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11 of the Most Delicious Reuben Sandwiches in the U.S.

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A classic Reuben sandwich is made of corned beef, sauerkraut, Swiss cheese, and Russian dressing served on buttered, toasted rye bread. Open-faced or closed, it's a quintessentially American sandwich, and these 11 restaurants and delis have earned a reputation for making top-notch Reubens.

1. KATZINGER'S DELICATESSEN // COLUMBUS, OHIO

Katzinger's Delicatessen has been a Columbus landmark for 30 years, and their Reuben sandwich is billed as "the sandwich that built the business." The classic comes in two sizes, and the menu also features nine variations on the Reuben—including ones with slow-cooked brisket and oven-roasted turkey—to please any taste.

2. KATZ'S DELICATESSEN // NEW YORK CITY

Katz's Delicatessen in Manhattan was founded in 1888 and regularly appears in lists of New York's best delis. (You might also recognize it from the most memorable scene of the movie When Harry Met Sally.) Katz's goes through 8000 pounds of corned beef every week, with much of it going into their Reuben sandwiches. Their corned beef is slow-cured, which takes about 30 days and gives it a particular tenderness.

3. THE BAGEL DELI // DENVER, COLORADO

If you crave an extra amount of corned beef, The Bagel Deli offers a classic, piled-high Reuben with sauerkraut stuffed between layers of meat. You can also get a Reuben with pastrami or turkey, a hot Reuben, and variations using coleslaw.

4. SKIPPER'S SMOKEHOUSE // TAMPA, FLORIDA

Skipper's Smokehouse boasts Floribbean cuisine, described as "a fusion of Caribbean, Florida, and Louisiana flavors." They serve seafood, crawfish, and alligator, yet they've built a reputation for their Blackened Grouper Reuben. This sandwich has a filet of grouper grilled with Cajun seasoning on rye with Swiss cheese, sauerkraut, and Thousand Island dressing.

5. NATE 'N AL OF BEVERLY HILLS DELICATESSEN // BEVERLY HILLS, CALIFORNIA

Al Mendelson and Nate Rimer opened Nate 'n Al in Beverly Hills in 1945, and Al's grandsons Mark and David run the popular deli today. Their classic Reuben—called the "Hollywood"—is a favorite, but pastrami and turkey are also options, as are sides like potato salad and onion rings.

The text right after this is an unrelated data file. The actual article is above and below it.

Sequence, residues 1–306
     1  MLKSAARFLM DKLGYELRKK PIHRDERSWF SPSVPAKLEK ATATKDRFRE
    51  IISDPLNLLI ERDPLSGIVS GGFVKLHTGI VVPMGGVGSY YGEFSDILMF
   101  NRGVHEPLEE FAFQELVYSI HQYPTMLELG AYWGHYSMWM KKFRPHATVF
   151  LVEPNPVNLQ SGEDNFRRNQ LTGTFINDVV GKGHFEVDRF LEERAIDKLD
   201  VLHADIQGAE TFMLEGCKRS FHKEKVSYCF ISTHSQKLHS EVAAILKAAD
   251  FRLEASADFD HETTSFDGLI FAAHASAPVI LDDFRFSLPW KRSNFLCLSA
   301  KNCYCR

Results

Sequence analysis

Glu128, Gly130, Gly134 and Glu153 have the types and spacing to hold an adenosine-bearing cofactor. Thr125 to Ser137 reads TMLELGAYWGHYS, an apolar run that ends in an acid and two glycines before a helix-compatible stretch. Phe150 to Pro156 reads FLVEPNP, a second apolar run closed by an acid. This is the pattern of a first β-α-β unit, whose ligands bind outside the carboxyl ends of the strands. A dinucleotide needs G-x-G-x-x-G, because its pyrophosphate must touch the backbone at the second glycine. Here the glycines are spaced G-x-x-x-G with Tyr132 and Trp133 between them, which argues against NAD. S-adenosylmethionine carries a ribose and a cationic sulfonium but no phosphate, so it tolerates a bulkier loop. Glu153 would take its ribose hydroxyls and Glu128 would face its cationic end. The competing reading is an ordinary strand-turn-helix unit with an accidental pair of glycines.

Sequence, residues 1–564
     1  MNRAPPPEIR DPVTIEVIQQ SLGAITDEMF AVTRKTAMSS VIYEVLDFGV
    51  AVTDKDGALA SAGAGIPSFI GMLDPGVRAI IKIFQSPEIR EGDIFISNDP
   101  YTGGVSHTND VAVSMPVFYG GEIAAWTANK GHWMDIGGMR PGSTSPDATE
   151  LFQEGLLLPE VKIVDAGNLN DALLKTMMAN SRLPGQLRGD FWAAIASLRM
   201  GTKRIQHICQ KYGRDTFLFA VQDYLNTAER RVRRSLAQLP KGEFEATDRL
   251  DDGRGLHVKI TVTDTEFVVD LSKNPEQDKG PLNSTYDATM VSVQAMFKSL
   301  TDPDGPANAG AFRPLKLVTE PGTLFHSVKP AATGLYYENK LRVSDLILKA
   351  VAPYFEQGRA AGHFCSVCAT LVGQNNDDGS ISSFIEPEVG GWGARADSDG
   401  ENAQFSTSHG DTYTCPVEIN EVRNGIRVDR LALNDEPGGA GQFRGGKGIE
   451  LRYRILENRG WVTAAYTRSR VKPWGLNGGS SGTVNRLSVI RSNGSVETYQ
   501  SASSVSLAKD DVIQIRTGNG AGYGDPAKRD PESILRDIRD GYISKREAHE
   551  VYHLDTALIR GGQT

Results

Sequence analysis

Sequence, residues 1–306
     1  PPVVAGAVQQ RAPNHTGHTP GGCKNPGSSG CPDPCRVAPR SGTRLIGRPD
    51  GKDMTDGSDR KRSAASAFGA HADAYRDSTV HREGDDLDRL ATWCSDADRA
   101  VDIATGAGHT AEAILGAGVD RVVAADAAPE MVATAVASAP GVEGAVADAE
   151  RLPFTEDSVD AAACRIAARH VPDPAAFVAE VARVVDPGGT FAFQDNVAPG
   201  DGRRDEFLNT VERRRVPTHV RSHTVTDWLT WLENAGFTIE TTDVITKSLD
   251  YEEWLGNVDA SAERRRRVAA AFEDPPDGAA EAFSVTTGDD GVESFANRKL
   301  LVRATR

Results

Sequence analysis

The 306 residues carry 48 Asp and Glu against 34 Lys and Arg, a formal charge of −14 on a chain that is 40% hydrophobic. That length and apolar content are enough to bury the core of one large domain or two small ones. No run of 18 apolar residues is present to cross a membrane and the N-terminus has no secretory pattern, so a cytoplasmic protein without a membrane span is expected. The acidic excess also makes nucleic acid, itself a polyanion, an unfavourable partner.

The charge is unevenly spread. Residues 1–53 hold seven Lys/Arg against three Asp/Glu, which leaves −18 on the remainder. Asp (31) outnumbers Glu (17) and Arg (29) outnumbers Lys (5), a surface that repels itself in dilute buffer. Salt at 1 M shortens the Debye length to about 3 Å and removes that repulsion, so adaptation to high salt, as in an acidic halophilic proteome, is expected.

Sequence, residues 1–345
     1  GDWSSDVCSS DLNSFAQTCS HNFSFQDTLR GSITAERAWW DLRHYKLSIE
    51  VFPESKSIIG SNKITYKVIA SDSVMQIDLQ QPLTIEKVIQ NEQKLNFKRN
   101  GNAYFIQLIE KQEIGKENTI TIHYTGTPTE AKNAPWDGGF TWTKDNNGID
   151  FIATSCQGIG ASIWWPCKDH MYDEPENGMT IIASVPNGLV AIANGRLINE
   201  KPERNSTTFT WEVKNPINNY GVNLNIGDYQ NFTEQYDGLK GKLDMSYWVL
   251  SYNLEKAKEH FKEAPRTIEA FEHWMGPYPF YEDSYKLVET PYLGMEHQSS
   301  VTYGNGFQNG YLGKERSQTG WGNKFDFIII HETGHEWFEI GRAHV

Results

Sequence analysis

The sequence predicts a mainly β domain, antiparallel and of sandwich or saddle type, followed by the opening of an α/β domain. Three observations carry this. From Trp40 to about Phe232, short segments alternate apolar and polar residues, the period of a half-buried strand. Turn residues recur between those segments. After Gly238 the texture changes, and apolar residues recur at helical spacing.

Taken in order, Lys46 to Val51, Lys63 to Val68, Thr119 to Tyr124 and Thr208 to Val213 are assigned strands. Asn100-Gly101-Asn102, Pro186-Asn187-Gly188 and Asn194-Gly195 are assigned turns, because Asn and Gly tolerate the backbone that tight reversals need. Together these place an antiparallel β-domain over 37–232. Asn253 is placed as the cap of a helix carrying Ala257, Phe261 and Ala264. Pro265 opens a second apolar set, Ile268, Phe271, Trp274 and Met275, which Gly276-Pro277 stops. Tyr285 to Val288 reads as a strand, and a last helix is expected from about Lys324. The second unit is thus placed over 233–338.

6. ZINGERMAN'S DELICATESSEN // ANN ARBOR, MICHIGAN

Established in 1982, Zingerman's Delicatessen serves made-to-order sandwiches with locally sourced meat and bread and dressings made on site. In 2012, Zingerman's Deli's Reuben made Food & Wine's list of Best Sandwiches in America.

7. HAM HEAVEN & DEVIL DOGS // SARASOTA, FLORIDA

When former New Yorker Rocky Rocchio moved to Sarasota, he brought his penchant for class sandwiches with him. Floridians have loved it—his Reuben at Ham Heaven & Devil Dogs was once voted best in the state.

8. CRESCENT MOON // OMAHA, NEBRASKA

One of the Reuben sandwich origin stories is that it was developed at the Blackstone Hotel in Omaha, Nebraska. The Crescent Moon Ale House, which is located just a couple of blocks down from where the former hotel stood, appropriately named its Reuben sandwich after the local landmark.

9. COURT STREET GROCERS // BROOKLYN, NEW YORK

Last year, Grub Street named Court Street Grocers as the home of the best Reuben in New York (a high honor for a town known for their deli sandwiches). Court Street Grocers, which has three New York locations, makes their own "comeback" sauce for their Reuben sandwiches, described as a spicier alternative to Russian or Thousand Island dressing. They also use locally made bread and sauerkraut and concentrate on a balance of flavors instead of how much meat their Reuben contains.

10. CANTER'S DELI // LOS ANGELES

Canter's Deli has been serving L.A. since 1931, and they say they've gone through 10 million pounds of corned beef in that time (though you can also order their Reuben with the usual alternatives—pastrami or turkey—or with a vegetarian option).

11. SAM LAGRASSA'S // BOSTON

Sam LaGrassa's tagline is "World's No. 1 Sandwiches," and its patrons—who regularly wait in long lines—probably agree. The family owned shop is only open during weekday lunch hours, but the take-out menu assures you can get your fix anytime, assuming you plan ahead. Their Jumbo Reuben, which comes on grilled pumpernickel, is also available for delivery.

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Man Buys Two Metric Tons of LEGO Bricks; Sorts Them Via Machine Learning
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iStock // Ekaterina Minaeva

Jacques Mattheij made a small, but awesome, mistake. He went on eBay one evening and bid on a bunch of bulk LEGO brick auctions, then went to sleep. Upon waking, he discovered that he was the high bidder on many, and was now the proud owner of two tons of LEGO bricks. (This is about 4400 pounds.) He wrote, "[L]esson 1: if you win almost all bids you are bidding too high."